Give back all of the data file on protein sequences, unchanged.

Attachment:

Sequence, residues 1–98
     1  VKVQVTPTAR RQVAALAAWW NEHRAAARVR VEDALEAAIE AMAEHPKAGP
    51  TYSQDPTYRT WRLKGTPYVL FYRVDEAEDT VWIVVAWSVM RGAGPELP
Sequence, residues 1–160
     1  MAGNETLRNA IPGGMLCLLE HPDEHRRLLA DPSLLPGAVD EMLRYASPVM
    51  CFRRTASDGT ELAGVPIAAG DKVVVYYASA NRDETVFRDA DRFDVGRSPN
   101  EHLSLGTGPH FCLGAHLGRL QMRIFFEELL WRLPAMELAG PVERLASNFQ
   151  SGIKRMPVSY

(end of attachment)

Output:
Sequence, residues 1–98
     1  VKVQVTPTAR RQVAALAAWW NEHRAAARVR VEDALEAAIE AMAEHPKAGP
    51  TYSQDPTYRT WRLKGTPYVL FYRVDEAEDT VWIVVAWSVM RGAGPELP
Sequence, residues 1–160
     1  MAGNETLRNA IPGGMLCLLE HPDEHRRLLA DPSLLPGAVD EMLRYASPVM
    51  CFRRTASDGT ELAGVPIAAG DKVVVYYASA NRDETVFRDA DRFDVGRSPN
   101  EHLSLGTGPH FCLGAHLGRL QMRIFFEELL WRLPAMELAG PVERLASNFQ
   151  SGIKRMPVSY